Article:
Brian Birdnow

Townhall readers of a historical bent will undoubtedly connect the title of this column with the impromptu Christmas truce of 1914 when British and German troops facing each other in the trenches of Belgium disregarded the warnings of their officers and spent the Yuletide fraternizing in a genuine, if guarded fashion. The fact that the regiments returned to war the next day in no way diminishes the glimpse of humanity amidst the horrors of World War I. The 1914 affair is not, however, the subject of this column. The Christmas truce this author is referring to is what may appear to be the diminution of the intensity of the war on Christmas. Observers have noticed a discernible lessening of the discord and bickering that have marked the Christmas season in years recently gone by, and are generally and they are generally heaving a sigh of relief in recognition of this fact. There is not as much talk about lawsuits over Christmas displays on civic property, and the Christmas displays are being billed as such. There are even instances of sacred Christmas carols playing on the soundtracks of suburban shopping malls. Most Americans, being eminently reasonable people, seem generally content with this state of affairs.

So, does this mean that FOX News and Bill O’Reilly are wrong? Should people who cherish the Christmas season and all it exemplifies now rest easily in the assumption that sanity has returned to this discussion? Before we declare a new era of peace on earth emerging during this holiday season it would be wise to withhold our judgment and await further developments.

In this particular instance the liberals may be playing the old game, defined by Lenin, as “Two steps forward, one step back.” Let us consider the recent past. Many on the political Left were shocked by the fierce reaction of conservatives, traditionalists, and the non-political, but sensible Americans to the gradual expunging of Christmas from the public domain. The liberals realized that they had overreached, and the intensity of Leftist outrage at the likes of O’Reilly, and Hannity for accusing them of waging “…a war on Christmas” proved very illustrative. In short, the liberals protested too much. They, and their allies in the mainstream media knew that they had been caught red-handed and were being called to account. Adopting a neo-Clintonian strategy, the Left denied, dismissed, and dissembled all the while hoping that this storm would blow over. They also plotted their counteroffensive.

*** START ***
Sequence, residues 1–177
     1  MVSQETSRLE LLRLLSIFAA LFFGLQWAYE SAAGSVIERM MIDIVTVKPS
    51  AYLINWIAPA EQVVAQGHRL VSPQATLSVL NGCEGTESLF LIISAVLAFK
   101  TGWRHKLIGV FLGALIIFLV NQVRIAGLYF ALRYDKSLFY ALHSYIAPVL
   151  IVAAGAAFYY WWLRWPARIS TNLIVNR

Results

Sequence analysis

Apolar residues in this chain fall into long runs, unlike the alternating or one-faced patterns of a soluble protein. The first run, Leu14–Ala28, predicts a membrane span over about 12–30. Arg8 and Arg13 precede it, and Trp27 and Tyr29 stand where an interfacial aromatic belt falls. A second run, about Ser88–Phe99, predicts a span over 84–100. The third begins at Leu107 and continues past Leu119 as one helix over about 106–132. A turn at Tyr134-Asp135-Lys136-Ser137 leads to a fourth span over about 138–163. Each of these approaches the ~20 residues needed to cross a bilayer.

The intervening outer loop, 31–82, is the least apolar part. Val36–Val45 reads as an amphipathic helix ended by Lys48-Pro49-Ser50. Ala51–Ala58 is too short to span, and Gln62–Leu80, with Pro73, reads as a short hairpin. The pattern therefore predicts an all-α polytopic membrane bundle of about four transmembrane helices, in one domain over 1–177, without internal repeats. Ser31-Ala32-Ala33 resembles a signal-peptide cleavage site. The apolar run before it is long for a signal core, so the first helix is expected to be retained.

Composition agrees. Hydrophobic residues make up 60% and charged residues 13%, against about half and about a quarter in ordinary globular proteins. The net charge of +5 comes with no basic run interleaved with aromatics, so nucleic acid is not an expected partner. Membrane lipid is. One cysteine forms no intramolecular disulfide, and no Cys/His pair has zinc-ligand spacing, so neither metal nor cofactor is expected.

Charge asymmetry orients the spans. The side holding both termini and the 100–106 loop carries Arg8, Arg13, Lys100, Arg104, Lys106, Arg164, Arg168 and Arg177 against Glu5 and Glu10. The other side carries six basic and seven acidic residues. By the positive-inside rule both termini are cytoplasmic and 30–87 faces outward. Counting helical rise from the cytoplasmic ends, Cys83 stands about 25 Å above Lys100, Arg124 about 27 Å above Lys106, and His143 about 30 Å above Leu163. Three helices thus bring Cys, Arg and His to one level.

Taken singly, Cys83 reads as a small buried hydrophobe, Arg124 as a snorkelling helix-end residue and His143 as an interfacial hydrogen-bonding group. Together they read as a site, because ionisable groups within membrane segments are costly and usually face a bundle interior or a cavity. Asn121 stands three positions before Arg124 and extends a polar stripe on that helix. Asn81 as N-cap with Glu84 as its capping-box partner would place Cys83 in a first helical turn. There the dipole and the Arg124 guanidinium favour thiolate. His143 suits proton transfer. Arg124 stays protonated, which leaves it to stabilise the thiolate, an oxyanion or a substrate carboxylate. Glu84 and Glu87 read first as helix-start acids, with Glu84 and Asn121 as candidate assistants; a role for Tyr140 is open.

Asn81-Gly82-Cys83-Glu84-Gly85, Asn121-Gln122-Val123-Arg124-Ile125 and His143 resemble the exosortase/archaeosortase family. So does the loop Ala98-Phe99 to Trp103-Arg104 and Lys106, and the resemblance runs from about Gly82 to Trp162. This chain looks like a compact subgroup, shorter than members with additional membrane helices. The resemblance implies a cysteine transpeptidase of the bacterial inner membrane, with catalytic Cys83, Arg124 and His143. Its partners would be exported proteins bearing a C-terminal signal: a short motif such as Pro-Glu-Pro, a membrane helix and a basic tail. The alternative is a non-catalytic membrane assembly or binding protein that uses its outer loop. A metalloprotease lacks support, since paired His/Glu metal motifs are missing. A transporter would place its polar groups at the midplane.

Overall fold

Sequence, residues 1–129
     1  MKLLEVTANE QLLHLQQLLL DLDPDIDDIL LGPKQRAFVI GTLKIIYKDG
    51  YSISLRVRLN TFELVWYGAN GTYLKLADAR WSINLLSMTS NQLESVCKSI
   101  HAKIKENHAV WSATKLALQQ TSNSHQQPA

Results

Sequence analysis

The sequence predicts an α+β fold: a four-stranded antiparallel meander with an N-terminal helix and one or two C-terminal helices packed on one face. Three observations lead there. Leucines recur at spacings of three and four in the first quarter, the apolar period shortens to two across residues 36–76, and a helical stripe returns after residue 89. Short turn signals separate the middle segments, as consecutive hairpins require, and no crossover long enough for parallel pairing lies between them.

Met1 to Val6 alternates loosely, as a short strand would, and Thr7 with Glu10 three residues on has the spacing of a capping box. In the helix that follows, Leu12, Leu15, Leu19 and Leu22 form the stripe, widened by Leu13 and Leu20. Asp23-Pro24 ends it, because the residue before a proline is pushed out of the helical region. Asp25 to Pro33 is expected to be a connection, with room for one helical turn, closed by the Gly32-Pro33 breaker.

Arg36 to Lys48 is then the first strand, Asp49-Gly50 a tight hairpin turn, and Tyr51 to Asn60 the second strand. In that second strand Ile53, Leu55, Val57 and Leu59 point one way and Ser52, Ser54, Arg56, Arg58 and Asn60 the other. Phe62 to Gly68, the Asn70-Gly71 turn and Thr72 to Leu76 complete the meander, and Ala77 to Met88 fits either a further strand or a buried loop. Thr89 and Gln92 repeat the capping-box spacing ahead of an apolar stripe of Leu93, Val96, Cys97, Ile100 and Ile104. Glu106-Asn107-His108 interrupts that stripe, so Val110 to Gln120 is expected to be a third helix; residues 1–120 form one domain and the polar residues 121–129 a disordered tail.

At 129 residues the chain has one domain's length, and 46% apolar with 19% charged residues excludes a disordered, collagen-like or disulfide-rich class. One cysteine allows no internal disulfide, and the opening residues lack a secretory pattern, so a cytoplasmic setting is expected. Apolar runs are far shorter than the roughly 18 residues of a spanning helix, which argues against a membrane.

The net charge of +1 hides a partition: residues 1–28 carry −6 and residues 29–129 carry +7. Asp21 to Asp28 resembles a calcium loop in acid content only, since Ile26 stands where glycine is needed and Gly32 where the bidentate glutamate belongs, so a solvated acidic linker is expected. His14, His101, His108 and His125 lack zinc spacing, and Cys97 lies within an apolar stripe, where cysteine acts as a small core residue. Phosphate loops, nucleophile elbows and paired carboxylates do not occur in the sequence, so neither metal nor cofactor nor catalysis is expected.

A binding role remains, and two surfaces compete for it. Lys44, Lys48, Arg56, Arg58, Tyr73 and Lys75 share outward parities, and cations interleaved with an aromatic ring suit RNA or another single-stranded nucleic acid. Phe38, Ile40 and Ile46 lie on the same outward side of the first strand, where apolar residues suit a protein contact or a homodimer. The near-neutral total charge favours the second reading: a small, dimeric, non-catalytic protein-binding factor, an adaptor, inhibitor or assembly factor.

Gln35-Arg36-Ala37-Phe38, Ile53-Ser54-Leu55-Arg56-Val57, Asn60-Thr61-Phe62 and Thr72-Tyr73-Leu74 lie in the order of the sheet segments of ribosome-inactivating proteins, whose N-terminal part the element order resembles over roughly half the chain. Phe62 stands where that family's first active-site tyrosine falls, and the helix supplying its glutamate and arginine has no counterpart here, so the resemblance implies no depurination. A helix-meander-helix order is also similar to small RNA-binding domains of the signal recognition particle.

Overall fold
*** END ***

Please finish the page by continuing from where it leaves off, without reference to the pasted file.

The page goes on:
The new strategy seems to involve acknowledging the Christmas season, while also acknowledging, quite appropriately Hanukkah, while making a note of Kwanzaa. This faux-holiday presents many problems to the liberals. It was devised by a UCLA sociology professor in 1966, and was avowedly anti-Christian and anti-White at the outset. By the early 1990s some of the promoters of Kwanzaa were able to pass the holiday off as an African winter festival and many liberals, eager to demonstrate their politically correct bona fides, happily accepted the story. When they discovered the fact that they had been used, many liberals were upset and they have accordingly begun to downplay Kwanzaa, without denying its legitimacy.

In any event, this ecumenical approach satisfies many in the general populations who celebrate the season, and see liberal obsession with expelling Christmas observances as typical of humorless Leftist excess. It also throws O’Reilly, Hannity, and FOX News off the scent and offers the liberals cover. The Left can credibly claim that there is no war on Christmas and can insist that the conservatives are creating a bogeyman to rouse the rabble and scare the gullible.

A closer look at this, however, still shows a “two steps forward, one step back” approach. Most schools, both public and private, have surrendered to the “winter break” characterization, rather than referring to the hiatus as the Christmas Holidays. Many stores have instructed their sales help to make no mention of the holidays, although they may return a season’s greeting from a customer. Meanwhile many public and quasi-public buildings have no Christmas displays or decorations, with even Santa Claus, reindeer, candy canes, and snowflakes having been given the boot.

What then, does the future hold? Let us earnestly hope that this is not a mere tactical retreat by the liberals, retiring from the field in the face of numerical disadvantage. In a worst-case scenario the war on Christmas could return, and in an intensified form. The anti-religious, anti-traditional, anti-fun brigade will reappear and elevate busybodyism as the highest human virtue. We will have to fight this battle all over again.

On a more positive note, quite appropriate to the Christmas season, we can earnestly hope that the good sense of the people will prevail and that the public will celebrate family and the virtue of charity at Christmas along with acknowledging the religious nature of the holiday, even as the pedantic among us will point out that it developed from the Roman winter festival Saturnalia. We might also hope that the Leftists will find it in themselves to admit that though Christmas holiday is a public benefit and that we, as a nation are better off for the coming of December 25th.

Merry Christmas to all Townhall readers, especially my students, and even to the trolls!


Brian Birdnow

Brian E. Birdnow is a historian and teaches at a university in the St. Louis area.